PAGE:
• You had a low-income year and are in a lower tax bracket than typical. Maybe you were laid off or are a business owner, and things were slow. If your taxable income is lower than average, you could take advantage of that by converting some of your savings.

  • You are concerned about passing money to your heirs. The SECURE Act eliminated the “stretch provision” for inherited IRAs, meaning most non-spouse beneficiaries have to withdraw all the funds within ten years. Getting rid of this rule could mean more taxes for your heirs. But Roth IRAs are not subject to RMDs, so you can let that money grow and pass it on as part of your estate plan.

  • Tax diversification. Things change over time, and taxes are no different. Having savings that are treated differently for tax purposes provides you with the flexibility to adapt to changing circumstances and tax laws.

When A Roth Conversion Might Not Be The Right Move

Despite the potential benefits, a Roth conversion in retirement is not always the best option. A Roth conversion may not benefit you if:

  • You are in or near retirement and will need to draw a significant amount of income from your traditional account. Adding a conversion on top of that withdrawal could drive your taxes up even more than you’ll be able to reduce in the future. You may not have time to recoup the tax hit by the time you need to withdraw from the Roth accounts.

  • Your Social Security and Medicare are affected by your taxable income in retirement. Depending on your income, either none, half, or 85% of your Social Security benefits are taxable. A Roth conversion could push you over the line for hitting the next level. Your Medicare Part B premium also includes an adjustment based on your income (IRMMA). The amount could be up to several hundred dollars a month, so make sure to consider those tax implications.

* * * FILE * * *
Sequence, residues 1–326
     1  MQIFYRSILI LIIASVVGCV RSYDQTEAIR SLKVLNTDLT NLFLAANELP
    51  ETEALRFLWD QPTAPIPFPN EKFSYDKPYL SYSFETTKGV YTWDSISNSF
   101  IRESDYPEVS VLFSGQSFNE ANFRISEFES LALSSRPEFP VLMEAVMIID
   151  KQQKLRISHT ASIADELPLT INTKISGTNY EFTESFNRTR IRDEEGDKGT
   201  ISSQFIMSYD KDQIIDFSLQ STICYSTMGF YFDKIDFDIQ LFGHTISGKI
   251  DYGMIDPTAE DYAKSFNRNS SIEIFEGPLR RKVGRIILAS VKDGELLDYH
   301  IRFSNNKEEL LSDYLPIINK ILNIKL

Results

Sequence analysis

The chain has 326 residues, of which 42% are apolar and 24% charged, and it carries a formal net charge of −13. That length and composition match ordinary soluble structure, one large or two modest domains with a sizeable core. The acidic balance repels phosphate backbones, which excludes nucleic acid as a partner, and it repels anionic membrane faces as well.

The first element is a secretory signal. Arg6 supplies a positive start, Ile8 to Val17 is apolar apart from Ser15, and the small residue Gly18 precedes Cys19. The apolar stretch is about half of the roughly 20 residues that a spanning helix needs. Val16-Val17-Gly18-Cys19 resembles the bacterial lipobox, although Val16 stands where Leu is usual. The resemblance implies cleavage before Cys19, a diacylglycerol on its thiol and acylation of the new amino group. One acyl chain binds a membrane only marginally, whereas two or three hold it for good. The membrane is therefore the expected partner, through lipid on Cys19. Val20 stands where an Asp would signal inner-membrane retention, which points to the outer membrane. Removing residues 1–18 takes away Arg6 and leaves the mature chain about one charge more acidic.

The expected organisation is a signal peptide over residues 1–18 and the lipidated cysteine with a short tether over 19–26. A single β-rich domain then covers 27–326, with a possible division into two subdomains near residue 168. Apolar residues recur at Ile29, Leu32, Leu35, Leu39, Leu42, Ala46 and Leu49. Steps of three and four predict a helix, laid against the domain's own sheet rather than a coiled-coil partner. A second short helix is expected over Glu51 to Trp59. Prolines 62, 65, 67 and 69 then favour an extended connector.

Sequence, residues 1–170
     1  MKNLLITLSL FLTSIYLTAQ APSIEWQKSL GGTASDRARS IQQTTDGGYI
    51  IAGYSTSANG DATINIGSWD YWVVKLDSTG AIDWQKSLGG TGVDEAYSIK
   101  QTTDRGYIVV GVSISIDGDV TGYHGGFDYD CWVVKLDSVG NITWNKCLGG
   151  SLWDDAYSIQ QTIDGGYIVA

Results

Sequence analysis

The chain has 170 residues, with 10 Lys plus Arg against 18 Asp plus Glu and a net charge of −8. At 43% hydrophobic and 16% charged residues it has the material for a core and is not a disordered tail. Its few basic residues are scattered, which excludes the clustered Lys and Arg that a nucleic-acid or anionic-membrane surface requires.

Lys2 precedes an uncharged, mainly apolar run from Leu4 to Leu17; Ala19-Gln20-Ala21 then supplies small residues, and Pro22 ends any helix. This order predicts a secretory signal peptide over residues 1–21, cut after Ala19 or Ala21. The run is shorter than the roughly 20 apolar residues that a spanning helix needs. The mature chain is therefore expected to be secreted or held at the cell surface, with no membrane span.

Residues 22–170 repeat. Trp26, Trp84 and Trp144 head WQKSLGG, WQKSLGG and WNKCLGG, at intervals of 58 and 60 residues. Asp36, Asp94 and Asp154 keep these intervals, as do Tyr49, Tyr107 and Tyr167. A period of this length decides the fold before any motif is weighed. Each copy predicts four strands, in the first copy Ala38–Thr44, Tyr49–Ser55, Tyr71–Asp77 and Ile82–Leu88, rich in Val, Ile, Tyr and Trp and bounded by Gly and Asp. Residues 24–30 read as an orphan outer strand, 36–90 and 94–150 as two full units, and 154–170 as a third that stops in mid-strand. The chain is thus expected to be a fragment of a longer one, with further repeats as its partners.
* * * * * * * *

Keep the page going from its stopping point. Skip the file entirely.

• If you plan to donate to charities with your traditional IRA assets, the Roth conversion is not the best way to approach this goal. There’s no reason to convert and pay taxes when a Qualified Charitable Distribution (QCD) would allow you to avoid taxes on the gift anyway.

Painting a clear picture of your tax liability is a critical component of your financial plan. At Covenant, we have in-house financial planners and tax professionals to help you create a comprehensive plan that meets your needs.

Contact us for a free, no-obligation consultation to see if we can help you with Roth conversions and dozens of powerful retirement strategies.



Covenant Wealth Advisors is a registered investment advisor with offices in Richmond and Williamsburg, VA. Past performance is no guarantee of future returns. Investing involves risk and possible loss of principal capital.

The views and opinions expressed in this content are as of the date of the posting, are subject to change based on market and other conditions. This content contains certain statements that may be deemed forward-looking statements. Please note that any such statements are not guarantees of any future performance and actual results or developments may differ materially from those projected.

Please note that nothing in this content should be construed as an offer to sell or the solicitation of an offer to purchase an interest in any security or separate account. Nothing is intended to be, and you should not consider anything to be, investment, accounting, tax, or legal advice. If you would like accounting, tax, or legal advice, you should consult with your own accountants or attorneys regarding your individual circumstances and needs. No advice may be rendered by Covenant Wealth Advisors unless a client service agreement is in place.

Registration of an investment advisor does not imply a certain level of skill or training.